To determine whether family environment, signs of attention deficit/hyperactivity disorder (ADHD) and oral health literacy (OHL) are associated with visits to the dentist in adolescents.
A school-based cross-sectional study was conducted with a representative sample of 448 12-year-old adolescents enrolled at schools in the city of Cajazeiras, Brazil. The adolescents answered a validated questionnaire addressing family cohesion and adaptability (FACES III), an OHL measure (Brazilian Rapid Estimate of Adult Literacy in Dentistry [BREALD-30]) and a questionnaire addressing the history of visits to the dentist and previous toothache experience. The parents answered a questionnaire addressing sociodemographic characteristics. Parents and teachers answered the inattention and hyperactivity/impulsivity subscales of the Swanson, Nolan & Pelham (SNAP-IV) questionnaire for the detection of signs of ADHD. Multiple Poisson regression with robust variance was used for data analysis (α = 5%).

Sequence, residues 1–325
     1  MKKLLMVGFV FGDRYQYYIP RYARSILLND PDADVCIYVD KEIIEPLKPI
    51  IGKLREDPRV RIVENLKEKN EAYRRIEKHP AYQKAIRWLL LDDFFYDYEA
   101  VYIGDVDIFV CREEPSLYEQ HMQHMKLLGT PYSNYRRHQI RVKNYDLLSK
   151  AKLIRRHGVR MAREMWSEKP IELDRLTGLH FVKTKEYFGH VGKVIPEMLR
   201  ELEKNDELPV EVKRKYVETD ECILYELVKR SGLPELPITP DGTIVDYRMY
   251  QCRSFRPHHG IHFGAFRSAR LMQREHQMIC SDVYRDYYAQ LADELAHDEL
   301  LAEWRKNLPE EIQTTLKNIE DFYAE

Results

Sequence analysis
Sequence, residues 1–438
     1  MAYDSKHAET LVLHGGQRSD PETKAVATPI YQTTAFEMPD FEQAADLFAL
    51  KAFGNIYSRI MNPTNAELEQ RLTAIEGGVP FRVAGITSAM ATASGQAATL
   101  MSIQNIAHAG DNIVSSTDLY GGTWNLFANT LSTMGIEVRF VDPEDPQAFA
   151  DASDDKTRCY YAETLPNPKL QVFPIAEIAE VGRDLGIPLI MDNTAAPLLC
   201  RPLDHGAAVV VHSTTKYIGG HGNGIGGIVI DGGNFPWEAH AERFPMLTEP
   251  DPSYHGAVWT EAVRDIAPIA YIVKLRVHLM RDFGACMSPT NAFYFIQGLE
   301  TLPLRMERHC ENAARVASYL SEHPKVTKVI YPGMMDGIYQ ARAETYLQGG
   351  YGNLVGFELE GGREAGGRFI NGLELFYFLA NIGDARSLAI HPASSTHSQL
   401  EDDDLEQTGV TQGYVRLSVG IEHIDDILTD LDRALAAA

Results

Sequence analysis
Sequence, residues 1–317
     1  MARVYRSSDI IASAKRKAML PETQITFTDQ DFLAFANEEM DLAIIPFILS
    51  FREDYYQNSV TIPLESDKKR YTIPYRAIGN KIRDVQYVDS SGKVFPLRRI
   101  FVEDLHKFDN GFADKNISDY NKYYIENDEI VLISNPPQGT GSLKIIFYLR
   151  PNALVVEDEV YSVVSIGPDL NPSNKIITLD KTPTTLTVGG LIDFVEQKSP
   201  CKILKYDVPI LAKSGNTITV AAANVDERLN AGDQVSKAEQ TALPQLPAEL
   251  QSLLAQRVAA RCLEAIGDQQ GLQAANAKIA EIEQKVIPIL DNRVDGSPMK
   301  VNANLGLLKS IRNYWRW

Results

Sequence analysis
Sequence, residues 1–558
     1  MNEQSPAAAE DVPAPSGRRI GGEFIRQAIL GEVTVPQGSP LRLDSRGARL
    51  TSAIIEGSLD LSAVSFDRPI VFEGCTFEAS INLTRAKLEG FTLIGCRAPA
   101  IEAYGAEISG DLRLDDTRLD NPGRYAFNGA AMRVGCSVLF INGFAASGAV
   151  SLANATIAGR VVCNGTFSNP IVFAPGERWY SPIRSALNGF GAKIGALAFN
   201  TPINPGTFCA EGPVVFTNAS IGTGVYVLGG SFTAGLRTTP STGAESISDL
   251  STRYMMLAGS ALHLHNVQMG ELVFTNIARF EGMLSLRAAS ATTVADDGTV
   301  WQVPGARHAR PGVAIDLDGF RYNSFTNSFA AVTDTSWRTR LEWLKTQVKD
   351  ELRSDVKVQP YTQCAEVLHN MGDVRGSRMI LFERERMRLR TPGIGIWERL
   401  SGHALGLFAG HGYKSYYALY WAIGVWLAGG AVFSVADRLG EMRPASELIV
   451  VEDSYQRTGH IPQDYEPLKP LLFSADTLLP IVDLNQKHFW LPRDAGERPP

The prevalence of having visited a dentist some time in life was higher among adolescents with enmeshed (PR = 1.08; 95% CI: 1.01-1.15) and connected (PR = 1.06; 95% CI: 1.01-1.13) families and those with attention deficit according to parents’ reports (PR = 1.09; 95% CI: 1.04-1.14). A family income higher than the Brazilian minimum wage (PR = 1.06; 95% CI: 1.01-1.12) and toothache in the previous six months (PR = 1.05; 95% CI: 1.01-1.11) were also associated with the outcome.
Family cohesion and attention deficit according to parental reports influenced visits to the dentist among adolescents. In contrast, OHL was not associated with the outcome.

© 2021 John Wiley & Sons A/S. Published by John Wiley & Sons Ltd.
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